More than 54,000 South Sudanese have been registered and some 37,000 identity cards produced since the programme began at the start of February
By: Karin de Gruijl
KHARTOUM, Sudan, March 3 (UNHCR) – The Sudan government has begun to register South Sudanese living in the country and issuing them with ID cards that give them the right to work and access to basic services.
More than 54,000 South Sudanese have been registered and some 37,000 identity cards produced since the programme began at the start of February under an agreement between UNHCR, Sudan’s Commissioner for Refugees and the Directorate General of Passports and Immigration.
Registered South Sudanese over the age of five are given an ID card for the duration of their stay in Sudan. The card gives them the same rights and services as Sudanese citizens, including the right to work and buy property, as well as freedom of movement and to live anywhere in the country.
An estimated half-a-million South Sudanese are living in Sudan. This includes the 120,000 who have fled there since South Sudan’s conflict erupted in December 2013, and an estimated 350,000 others who remained in Sudan after South Sudan’s independence in 2011.
Shortly after the violence broke out in South Sudan, the Sudanese government announced that South Sudanese should be treated as Sudanese citizens and has maintained an open door policy since then. Providing a legal proof of identity and the unrestricted right to stay in the country for as long as the conflict continues, represent major protection safeguards against forced return.
UNHCR is supporting the implementation of this initiative, both financially and with technical capacity. Registration centres have been established in 12 sites in Khartoum state, where the exercise is expected to continue until March before being rolled out to other locations across the country.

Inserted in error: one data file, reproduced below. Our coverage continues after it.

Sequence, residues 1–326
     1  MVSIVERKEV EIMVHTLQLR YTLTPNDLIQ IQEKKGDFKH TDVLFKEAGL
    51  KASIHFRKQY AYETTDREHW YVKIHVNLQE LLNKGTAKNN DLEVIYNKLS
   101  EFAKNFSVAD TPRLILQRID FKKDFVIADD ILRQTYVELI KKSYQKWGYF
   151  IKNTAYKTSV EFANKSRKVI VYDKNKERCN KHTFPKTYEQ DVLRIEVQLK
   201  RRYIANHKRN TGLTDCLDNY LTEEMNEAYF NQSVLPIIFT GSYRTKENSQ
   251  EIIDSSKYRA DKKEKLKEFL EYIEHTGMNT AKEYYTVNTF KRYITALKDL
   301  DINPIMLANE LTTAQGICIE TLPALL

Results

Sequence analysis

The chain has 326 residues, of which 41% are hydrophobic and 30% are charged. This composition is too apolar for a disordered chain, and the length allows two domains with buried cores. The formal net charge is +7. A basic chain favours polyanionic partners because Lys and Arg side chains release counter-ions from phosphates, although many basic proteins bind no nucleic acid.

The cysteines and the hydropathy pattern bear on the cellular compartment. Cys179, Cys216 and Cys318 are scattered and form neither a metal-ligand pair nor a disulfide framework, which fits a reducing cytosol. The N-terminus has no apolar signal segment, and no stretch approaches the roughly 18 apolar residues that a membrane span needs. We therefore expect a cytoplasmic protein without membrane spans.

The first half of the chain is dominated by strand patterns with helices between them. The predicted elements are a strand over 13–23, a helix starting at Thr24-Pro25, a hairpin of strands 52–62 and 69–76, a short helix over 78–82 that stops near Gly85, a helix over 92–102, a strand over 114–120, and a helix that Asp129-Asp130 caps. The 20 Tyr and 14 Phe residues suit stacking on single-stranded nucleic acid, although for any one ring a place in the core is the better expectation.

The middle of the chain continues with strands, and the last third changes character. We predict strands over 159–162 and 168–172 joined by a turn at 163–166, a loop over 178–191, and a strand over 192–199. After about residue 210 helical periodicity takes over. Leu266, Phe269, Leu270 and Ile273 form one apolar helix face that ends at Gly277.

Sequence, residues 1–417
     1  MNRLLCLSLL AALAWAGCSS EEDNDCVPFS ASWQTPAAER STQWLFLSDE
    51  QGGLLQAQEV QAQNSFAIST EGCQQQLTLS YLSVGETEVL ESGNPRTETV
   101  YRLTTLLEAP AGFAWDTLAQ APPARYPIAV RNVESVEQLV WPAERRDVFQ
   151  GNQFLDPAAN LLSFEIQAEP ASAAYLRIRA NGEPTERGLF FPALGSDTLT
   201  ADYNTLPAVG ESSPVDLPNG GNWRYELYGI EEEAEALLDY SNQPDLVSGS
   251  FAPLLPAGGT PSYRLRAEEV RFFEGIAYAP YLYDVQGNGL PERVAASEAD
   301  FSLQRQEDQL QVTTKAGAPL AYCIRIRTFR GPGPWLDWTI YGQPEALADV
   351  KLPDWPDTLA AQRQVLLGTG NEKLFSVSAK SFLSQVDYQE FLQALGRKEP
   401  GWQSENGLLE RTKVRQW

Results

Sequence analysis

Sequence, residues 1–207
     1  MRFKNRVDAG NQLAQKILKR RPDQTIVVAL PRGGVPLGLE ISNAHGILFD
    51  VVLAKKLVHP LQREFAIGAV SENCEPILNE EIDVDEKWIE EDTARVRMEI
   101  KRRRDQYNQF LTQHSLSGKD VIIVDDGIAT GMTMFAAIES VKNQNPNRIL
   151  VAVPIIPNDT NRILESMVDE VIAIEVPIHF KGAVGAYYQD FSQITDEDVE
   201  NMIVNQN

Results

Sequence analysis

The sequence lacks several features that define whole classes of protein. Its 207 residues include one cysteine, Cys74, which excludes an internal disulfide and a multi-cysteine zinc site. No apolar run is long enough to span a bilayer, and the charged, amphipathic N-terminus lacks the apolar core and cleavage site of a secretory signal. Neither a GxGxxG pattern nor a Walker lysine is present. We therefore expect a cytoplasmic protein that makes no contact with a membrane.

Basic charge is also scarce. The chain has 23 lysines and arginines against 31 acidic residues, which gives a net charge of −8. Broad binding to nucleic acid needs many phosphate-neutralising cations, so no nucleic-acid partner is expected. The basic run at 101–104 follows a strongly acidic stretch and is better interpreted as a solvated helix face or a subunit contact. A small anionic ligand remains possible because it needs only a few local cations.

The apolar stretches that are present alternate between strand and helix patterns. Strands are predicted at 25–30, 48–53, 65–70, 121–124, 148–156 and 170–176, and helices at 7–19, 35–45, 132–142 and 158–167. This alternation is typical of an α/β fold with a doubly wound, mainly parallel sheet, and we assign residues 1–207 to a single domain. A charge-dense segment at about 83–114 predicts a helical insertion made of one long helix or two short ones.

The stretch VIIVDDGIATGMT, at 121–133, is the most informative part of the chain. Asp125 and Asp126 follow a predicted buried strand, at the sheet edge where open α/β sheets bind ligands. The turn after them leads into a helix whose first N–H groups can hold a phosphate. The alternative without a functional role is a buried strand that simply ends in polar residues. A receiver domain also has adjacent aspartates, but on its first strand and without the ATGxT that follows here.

White Nile state, where an estimated 66,000 South Sudanese refugees live in six sites will be the next location. Subsequently, registration and provision of ID cards will continue in other states over an 18-month period. After that, various mobile units will be maintained to register new arrivals from South Sudan.
Since the start of the South Sudan emergency, UNHCR and partners have assisted more than 84,000 South Sudanese arriving in Sudan. In sites in White Nile, South and West Kordofan states, basic needs have been progressively met through the establishment and expansion of essential services by government counterparts, the Sudanese Red Crescent Society, UN agencies and NGOs.
In Khartoum, more than 3,000 families have been assisted with basic items to improve their living conditions. Identifying vulnerable people and providing them with assistance remained a key focus of the response countrywide. UNHCR carries out family tracing and reunification for unaccompanied and separated children, livelihoods initiatives for women at risk, and material assistance to elderly and disabled South Sudanese.
Violence in South Sudan has displaced over 2 million people during the last 14 months, including more than 500,000 who fled across the border to neighbouring Ethiopia (196,000), Kenya (45,000), Sudan (121,000) and Uganda (144,000).
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